May 22, 2008 - Written by Amy Thran - "Everyting is gonna be all right"
The morning buzz during breakfast consisted of the many adventures different groups took the night before. Details included an elaborate Shanghainese club using a secret code for entry, a less exclusive more familiar evening in the trendy French Concession area and yet another group shared hilarious stories of a morning workout session in the park with the locals. With the conclusion of breakfast we pile, yet again, into our trusty Mercedes coach (not sure why it is a coach and not a bus, but Lily seemed to make a clear distinction) for a trip across town to visit the port.
Peering out of the coach window has become one of my favorite past times. Just when I think I've seen it all, a bike passes with a gentleman smoking a cigarette, talking on his cell phone, all while hauling a load of caged birds on the bed of his bike. Meanwhile in the lane on the other side of the coach there is anything from a Yugo knock off (who would want to knock off a Yugo???) to a pimped out 7 series flying by, at what seems to be unregulated speeds. As I continue to be mesmerized we arrive at Shanghai Pudong International Container Terminals Limited for our final business visit.
May 21, 2008 - Written by Ryan Arthur
Well now we get down to business. Today is our most jam-packed business visit day yet. With Three stops today we begin to wrap up our world wind travels through China. But today is no exception to the wonder that can be
seen in this developing country.
We start today with a visit to Jun He law firm. What do you call 1,000 lawyers jumping off a cliff? A good start. Well after my visit to Jun He I would like to differentiate, what do you call 1,000 Chinese lawyers jumping off a cliff? A loss of 1,000 great employers. Any law firm that receives an award for being a great employer is somewhat an oxymoron to my way of thinking. Many of you know that I work for attorneys and I can attest this fact, and often do in every one of my classes. But the Jun He attorneys appear to be different. The presentation was given by Mr. Adam Li, but parts of the discussion occurred with some of his new associates. Amazingly, it seemed more like an information session for them as it was for us. They were fascinated to know about MBA's in America and continued to ask questions and discuss our program and American culture. I am interested in seeing if this firm actually succeeds in pulling business from America in China. It makes sense to hire legal services in the home country you are doing business, but then you begin to wonder if conflicts of interests arise from such agreements. I have personal high hopes that my own law firm will help Jun He become more and more successful as we attempt to become an international firm ourselves.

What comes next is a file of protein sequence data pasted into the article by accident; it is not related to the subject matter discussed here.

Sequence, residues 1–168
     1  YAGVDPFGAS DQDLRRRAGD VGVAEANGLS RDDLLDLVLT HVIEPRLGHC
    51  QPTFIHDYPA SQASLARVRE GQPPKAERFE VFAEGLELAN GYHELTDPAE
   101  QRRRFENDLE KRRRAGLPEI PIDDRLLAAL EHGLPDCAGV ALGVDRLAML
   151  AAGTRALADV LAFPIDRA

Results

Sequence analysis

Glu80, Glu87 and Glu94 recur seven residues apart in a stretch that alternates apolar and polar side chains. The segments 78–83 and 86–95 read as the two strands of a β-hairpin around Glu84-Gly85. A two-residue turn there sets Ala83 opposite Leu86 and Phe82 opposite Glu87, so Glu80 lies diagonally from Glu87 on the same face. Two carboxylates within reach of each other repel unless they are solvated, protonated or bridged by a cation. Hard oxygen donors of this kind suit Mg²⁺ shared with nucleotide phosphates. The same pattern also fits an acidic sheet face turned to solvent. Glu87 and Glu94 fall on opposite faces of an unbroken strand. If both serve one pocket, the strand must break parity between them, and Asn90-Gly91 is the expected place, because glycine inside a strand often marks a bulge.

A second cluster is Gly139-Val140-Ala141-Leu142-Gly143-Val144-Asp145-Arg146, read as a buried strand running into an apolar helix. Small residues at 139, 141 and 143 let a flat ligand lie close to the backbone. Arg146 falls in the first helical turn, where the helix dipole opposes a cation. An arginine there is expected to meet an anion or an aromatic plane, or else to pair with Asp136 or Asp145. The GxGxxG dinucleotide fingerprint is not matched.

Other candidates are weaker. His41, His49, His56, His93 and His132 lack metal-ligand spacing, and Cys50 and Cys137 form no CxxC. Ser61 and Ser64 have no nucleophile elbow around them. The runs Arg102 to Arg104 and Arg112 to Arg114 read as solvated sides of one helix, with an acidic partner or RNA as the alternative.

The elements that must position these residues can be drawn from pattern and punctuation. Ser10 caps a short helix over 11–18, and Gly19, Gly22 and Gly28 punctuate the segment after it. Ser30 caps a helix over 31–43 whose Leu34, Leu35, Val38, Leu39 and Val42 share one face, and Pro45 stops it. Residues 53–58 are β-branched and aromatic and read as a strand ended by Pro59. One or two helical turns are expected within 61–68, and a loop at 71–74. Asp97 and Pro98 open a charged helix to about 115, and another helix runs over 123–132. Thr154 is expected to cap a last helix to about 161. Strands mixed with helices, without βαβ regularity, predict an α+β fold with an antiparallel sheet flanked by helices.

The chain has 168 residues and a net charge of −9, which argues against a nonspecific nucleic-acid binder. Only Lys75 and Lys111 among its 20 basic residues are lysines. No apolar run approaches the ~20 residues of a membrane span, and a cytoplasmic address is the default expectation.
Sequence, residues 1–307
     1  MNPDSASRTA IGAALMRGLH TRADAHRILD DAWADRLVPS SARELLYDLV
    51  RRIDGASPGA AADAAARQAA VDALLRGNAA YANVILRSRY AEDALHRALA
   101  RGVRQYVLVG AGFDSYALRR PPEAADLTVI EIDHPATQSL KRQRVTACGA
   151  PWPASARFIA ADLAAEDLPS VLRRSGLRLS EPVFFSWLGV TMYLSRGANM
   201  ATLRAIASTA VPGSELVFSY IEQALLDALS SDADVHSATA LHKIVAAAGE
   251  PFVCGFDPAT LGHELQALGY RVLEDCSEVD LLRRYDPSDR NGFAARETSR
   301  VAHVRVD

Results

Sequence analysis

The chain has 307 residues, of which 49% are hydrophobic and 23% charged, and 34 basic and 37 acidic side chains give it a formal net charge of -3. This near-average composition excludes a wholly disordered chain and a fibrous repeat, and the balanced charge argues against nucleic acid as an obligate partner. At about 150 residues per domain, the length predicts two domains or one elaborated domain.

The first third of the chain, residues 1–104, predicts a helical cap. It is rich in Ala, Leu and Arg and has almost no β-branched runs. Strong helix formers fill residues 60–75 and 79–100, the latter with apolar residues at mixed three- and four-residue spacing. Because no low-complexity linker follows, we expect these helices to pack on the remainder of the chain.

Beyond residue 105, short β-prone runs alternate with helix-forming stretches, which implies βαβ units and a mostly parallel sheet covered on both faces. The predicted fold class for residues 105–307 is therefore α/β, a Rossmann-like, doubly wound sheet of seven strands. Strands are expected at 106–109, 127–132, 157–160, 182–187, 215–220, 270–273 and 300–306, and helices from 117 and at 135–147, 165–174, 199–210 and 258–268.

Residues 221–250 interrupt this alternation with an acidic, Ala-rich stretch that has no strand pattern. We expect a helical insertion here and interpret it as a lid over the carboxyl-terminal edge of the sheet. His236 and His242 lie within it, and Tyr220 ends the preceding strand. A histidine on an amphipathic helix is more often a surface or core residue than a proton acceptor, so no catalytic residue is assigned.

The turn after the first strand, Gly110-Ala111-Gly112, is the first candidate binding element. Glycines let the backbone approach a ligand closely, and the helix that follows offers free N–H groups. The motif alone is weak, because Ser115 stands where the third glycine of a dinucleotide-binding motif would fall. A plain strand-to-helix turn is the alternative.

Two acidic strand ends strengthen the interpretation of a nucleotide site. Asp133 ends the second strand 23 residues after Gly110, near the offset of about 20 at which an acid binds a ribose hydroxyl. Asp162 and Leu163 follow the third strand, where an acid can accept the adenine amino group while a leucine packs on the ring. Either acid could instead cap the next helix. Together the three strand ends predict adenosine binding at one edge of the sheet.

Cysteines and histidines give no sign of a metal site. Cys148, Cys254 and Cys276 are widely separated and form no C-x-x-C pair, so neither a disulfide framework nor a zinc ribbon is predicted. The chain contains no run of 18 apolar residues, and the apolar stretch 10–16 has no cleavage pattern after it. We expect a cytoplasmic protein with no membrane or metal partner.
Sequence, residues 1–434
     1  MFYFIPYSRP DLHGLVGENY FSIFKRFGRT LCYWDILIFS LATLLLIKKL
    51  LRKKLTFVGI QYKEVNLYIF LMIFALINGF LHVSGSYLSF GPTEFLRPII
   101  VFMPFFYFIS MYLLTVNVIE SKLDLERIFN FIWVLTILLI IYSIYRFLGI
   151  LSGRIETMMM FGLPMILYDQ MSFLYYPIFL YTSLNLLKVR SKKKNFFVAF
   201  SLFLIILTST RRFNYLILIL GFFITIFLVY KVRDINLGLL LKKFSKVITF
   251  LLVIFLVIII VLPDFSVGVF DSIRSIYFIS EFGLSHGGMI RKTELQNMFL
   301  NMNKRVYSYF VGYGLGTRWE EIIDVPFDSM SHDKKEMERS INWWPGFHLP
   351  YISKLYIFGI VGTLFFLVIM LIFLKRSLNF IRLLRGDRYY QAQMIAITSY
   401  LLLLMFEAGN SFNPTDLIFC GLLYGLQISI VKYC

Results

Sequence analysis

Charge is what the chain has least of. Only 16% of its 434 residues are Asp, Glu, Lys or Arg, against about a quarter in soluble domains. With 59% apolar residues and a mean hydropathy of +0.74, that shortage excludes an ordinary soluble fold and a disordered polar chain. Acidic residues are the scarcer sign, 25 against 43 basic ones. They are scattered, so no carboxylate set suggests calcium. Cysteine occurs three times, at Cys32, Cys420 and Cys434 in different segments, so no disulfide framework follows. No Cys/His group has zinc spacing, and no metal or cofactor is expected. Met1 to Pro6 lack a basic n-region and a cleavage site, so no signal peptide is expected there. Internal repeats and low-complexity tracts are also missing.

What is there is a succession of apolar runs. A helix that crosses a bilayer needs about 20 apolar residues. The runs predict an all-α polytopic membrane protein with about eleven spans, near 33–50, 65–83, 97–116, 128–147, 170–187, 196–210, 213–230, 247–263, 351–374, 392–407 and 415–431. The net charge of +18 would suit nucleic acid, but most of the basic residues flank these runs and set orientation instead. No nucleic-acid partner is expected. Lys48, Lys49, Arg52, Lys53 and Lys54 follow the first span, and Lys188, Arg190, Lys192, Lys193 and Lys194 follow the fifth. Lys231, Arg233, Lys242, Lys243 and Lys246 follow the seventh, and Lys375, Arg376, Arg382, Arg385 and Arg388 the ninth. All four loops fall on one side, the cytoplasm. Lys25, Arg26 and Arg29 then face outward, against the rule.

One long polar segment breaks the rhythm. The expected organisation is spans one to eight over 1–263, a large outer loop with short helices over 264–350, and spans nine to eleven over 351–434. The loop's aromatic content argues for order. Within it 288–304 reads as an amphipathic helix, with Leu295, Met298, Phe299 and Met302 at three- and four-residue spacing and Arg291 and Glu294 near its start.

May 20, 2008 - Written by Ryan Arthur
Good morning fellow train sleepers. Again much thanks to Dean Raines for the "soft sleeper". I personally didn't sleep that well, but I can't imagine having to sleep on the hard sleeper, or even the seats. Jennifer told us that Phoenix takes the trek on the seated cars when she goes back and forth between Beijing and Shanghai. Massive props to Phoenix for braving the seats.
We awoke this morning to the central train station in Shanghai. We were introduced to our new tour guide, Lily Sun. Unfortunately or fortunately for some, although Lily was the opposite sex as John, she apparently read the same joke book for Chinese tour guides.
May 19, 2008 - Written by Ryan Arthur